“I have appointments with the other two large houses which have links within the Alliance,” Adele said. “Coincidentally, you three are the largest firms on Cremona. That spreads the risk enough that none of the houses involved needs feel that it’s being backed into a corner. I don’t want anyone to–”


          She grinned slightly.


          “–be driven to desperate measures.”


          “How quick do you need an answer?” Brock said.


          “I’ll be back in two days,” Adele said, rising. “After I’ve discussed the proposition with Santina Trading and Loesser Brothers.”


          “All right,” said Brock. “I’ll have an answer then.”


          Adele started for the door to the outer office. Tovera, who had been standing beside the doorway throughout the interview, said, “Master Brock?”


          “Eh?” Brock said, frowning as though his stylus had just spoken to him.


          “It doesn’t matter who she is,” Tovera said, nodding toward Adele. “But I used to be 5th Bureau. You might keep that in mind in case you decide your best plan is that we have an accident here in the building.”


          Unexpectedly, Brock laughed. “I didn’t build this company without learning how to handle your type, mistress,” he said. “Sure, it’d cost, but there’s always costs. Your boss, though–“


          He dipped his head in a seated bow.


          “–I can’t handle, not even if I kill her. So don’t worry about tripping down the elevator shaft.”


          Adele led the way into the outer office. The secretary eyed them warily.


          Behind her, she heard Tovera say to the secretary, “You’re lucky, little fellow. Your boss is a lot smarter than most.”


Kotzebue on Sunbright


          Daniel was watching the ditch behind Riely’s storehouse when the apparent fish bobbed to the surface, just as it had done on the two previous evenings. It was the length of his finger, white and swollen as though it had already begun to decay.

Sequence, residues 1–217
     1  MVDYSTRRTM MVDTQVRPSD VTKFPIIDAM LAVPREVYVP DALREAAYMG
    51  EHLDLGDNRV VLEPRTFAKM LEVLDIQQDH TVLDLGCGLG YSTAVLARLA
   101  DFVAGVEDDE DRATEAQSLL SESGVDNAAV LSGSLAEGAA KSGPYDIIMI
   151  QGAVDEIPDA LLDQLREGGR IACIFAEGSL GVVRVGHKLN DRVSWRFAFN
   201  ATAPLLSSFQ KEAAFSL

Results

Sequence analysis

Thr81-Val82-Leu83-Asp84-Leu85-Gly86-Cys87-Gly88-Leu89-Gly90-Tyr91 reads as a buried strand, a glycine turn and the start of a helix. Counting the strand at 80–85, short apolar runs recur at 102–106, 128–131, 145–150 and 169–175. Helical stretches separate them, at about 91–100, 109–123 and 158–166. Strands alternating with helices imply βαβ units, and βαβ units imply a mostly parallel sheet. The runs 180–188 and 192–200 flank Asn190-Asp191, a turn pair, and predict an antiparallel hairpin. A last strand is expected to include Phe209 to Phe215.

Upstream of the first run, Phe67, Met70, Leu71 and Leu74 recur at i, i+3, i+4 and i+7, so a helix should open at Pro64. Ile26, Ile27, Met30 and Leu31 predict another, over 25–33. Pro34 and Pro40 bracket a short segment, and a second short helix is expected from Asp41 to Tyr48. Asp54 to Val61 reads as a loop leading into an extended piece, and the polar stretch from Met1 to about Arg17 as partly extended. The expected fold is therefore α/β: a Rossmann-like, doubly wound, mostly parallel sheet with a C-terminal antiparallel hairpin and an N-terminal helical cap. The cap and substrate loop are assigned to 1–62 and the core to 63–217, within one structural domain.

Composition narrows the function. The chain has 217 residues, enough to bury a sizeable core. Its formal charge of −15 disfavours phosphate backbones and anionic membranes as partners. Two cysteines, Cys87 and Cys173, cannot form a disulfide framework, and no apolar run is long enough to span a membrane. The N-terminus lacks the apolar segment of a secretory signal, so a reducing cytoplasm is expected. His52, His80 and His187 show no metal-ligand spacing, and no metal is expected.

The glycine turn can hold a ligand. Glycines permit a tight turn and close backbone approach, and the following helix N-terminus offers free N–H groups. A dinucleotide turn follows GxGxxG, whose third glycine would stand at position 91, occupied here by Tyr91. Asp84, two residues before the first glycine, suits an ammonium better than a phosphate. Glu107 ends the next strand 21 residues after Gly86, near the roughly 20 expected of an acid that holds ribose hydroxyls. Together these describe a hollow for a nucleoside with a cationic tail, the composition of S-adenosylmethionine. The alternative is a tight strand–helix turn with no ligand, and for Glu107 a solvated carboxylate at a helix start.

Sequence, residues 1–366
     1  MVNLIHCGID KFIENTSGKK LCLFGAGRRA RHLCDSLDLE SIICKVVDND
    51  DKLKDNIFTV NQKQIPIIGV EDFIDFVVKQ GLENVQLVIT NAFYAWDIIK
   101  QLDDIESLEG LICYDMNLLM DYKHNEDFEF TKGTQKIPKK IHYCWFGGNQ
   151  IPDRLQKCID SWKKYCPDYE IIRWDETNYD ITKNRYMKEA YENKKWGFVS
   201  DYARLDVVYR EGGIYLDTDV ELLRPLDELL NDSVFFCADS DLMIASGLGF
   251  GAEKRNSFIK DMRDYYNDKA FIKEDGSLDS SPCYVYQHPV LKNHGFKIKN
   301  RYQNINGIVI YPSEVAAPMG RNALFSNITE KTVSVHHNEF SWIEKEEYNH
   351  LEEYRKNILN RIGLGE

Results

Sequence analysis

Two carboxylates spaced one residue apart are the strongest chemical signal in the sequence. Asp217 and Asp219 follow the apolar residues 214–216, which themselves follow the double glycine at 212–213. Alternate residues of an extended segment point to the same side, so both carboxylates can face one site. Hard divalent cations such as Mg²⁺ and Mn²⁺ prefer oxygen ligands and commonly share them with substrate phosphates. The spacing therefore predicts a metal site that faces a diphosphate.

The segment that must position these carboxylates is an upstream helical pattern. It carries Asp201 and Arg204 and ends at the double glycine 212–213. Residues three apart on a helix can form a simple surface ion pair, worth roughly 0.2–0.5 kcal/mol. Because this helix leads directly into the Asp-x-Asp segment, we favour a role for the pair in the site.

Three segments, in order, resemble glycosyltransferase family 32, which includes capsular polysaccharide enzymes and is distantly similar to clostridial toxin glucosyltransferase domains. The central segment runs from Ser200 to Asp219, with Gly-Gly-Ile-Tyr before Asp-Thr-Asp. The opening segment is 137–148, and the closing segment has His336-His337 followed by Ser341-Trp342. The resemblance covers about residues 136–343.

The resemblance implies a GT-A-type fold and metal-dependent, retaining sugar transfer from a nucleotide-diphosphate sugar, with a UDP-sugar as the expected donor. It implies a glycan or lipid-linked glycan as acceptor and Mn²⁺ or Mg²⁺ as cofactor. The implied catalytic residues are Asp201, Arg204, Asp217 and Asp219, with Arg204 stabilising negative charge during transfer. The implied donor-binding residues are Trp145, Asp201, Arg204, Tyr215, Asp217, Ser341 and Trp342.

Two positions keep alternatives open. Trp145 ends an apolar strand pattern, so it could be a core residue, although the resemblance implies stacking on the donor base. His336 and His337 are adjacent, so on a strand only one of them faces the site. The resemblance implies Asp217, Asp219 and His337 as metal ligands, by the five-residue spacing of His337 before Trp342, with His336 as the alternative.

Hogg stood six feet away, far enough that he wouldn’t disturb his master’s observations. Under his breath, he sang, “Grieve, oh grieve, oh tell me why….”


          A pair of winged insectoids came from opposite directions, drawn by the shining white belly. Both were females, looking for carrion in which to insert their eggs. They dodged back and forth, neither willing to settle until she was certain that the other wasn’t a predator preparing to attack when her ovipositor was sunk too deeply to be quickly withdrawn.


          Hogg didn’t move very much. He turned his head, and occasionally his torso twisted in order to allow him to scan the terrain in all directions. His left hand was in his pocket, but his right was loose and never very far from the stocked impeller leaning unobtrusively against the drainpipe from the roof of the building.


          “Because he had more gold than I…,” Hogg sang.


          One of the insectoids eased toward the fish by tenths of an inch, two forward and one back. At last she touched, then settled on her eight jointed legs. A hair-fine ovipositor uncoiled from her tail, probed the fish, and finally straightened to stab downward. Nearly its whole half-inch length sank in.


          “But gold will melt and silver fly–“